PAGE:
An essay by Guillermina De Ferrari titled A Caribbean Hauntology: The Sensorial Art of Joscelyn Gardner and M. Nourbese Philip has been published in the Journal of Latin American Cultural Studies (Sept 2018). The essay Abstract states:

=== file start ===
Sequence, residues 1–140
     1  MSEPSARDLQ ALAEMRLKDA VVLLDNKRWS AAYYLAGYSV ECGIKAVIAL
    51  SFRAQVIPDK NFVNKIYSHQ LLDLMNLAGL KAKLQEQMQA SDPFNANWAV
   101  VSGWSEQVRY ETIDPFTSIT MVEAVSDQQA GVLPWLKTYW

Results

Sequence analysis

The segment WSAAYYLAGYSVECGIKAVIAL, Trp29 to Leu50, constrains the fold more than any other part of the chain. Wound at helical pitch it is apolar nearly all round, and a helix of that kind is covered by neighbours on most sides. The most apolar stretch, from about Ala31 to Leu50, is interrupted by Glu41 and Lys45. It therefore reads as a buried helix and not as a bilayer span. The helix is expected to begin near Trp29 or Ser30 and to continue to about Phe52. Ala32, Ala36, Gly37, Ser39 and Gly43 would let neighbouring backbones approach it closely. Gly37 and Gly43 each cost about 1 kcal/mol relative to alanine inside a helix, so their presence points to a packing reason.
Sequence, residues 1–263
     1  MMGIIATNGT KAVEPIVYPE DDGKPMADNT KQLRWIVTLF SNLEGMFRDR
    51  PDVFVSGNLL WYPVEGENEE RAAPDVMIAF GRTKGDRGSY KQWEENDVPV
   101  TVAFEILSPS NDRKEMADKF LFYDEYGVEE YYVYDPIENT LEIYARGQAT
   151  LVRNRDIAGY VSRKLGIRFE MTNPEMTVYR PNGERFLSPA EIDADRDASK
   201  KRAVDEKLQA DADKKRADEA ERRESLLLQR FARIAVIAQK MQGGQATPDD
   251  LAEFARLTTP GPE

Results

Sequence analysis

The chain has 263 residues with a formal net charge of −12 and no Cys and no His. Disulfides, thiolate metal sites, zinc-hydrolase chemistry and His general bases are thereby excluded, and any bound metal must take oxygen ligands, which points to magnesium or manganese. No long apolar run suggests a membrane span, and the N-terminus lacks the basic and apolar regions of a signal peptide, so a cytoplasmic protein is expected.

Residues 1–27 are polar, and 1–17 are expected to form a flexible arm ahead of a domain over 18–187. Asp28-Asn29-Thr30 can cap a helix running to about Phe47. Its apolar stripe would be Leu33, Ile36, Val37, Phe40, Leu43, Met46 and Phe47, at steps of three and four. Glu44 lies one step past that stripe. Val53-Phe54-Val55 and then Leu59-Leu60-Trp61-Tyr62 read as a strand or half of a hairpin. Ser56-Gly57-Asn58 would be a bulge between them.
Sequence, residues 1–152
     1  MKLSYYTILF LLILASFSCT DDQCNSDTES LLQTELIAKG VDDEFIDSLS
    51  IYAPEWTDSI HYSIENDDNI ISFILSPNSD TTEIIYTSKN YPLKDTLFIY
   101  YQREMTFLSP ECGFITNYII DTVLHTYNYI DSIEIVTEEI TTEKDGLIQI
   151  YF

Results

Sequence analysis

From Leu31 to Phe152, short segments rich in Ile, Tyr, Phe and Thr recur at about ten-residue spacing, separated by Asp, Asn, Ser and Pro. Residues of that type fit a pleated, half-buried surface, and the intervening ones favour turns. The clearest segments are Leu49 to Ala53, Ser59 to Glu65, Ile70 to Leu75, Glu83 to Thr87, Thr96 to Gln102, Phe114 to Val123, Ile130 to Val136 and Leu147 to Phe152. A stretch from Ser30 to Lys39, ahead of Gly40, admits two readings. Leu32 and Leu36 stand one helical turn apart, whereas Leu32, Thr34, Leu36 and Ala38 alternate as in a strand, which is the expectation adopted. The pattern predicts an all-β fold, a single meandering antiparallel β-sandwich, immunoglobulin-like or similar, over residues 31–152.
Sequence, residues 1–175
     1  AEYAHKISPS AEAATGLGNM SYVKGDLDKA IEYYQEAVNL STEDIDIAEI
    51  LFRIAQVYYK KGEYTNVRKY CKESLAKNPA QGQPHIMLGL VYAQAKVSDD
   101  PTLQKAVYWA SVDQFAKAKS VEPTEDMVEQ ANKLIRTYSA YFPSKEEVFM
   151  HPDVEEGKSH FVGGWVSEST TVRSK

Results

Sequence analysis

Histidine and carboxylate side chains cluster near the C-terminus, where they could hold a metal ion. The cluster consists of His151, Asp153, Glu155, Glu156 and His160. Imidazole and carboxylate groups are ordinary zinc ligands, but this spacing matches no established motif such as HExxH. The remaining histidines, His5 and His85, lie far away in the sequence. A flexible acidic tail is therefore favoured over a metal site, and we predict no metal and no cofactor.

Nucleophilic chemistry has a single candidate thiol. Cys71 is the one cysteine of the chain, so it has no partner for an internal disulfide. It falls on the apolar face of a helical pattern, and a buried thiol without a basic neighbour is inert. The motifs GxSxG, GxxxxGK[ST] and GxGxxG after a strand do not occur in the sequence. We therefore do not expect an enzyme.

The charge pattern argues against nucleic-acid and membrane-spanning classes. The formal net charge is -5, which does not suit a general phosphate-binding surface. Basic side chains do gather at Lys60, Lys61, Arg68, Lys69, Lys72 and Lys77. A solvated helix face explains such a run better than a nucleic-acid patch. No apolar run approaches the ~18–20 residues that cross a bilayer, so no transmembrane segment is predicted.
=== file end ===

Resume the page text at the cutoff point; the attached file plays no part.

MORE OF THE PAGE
"This article explores the tension between the senses and the immaterial in Barbadian artist’s Joscelyn Gardner’s multimedia installation White Skin, Black Kin: A Creole Conversation Piece (2003), and Omi Ebora (2014) and in the poem Zong! by Trinidadian poet M. NourbeSe Philip (2014). By the immaterial I refer to the traces in contemporary art of the slavery trade and plantation culture. I analyze three aspects: how sensorial art functions, what is the spectral in sensorial art, and what does the specter (based on Derrida’s hauntology) do for the Caribbean in the present. I suggest that the spectral in Caribbean art functions as an injunction to deal with our inherited identities, which I defined elsewhere as membership beyond consent, in such a way that we can still live with moral freedom, defined perhaps as our right and our obligation to act differently. This is what the ghostly does for both Derrida and Gardner: in the intersection between past and present narratives, there is a responsibility; the ghostly is about the obligation to choose from one's inheritance."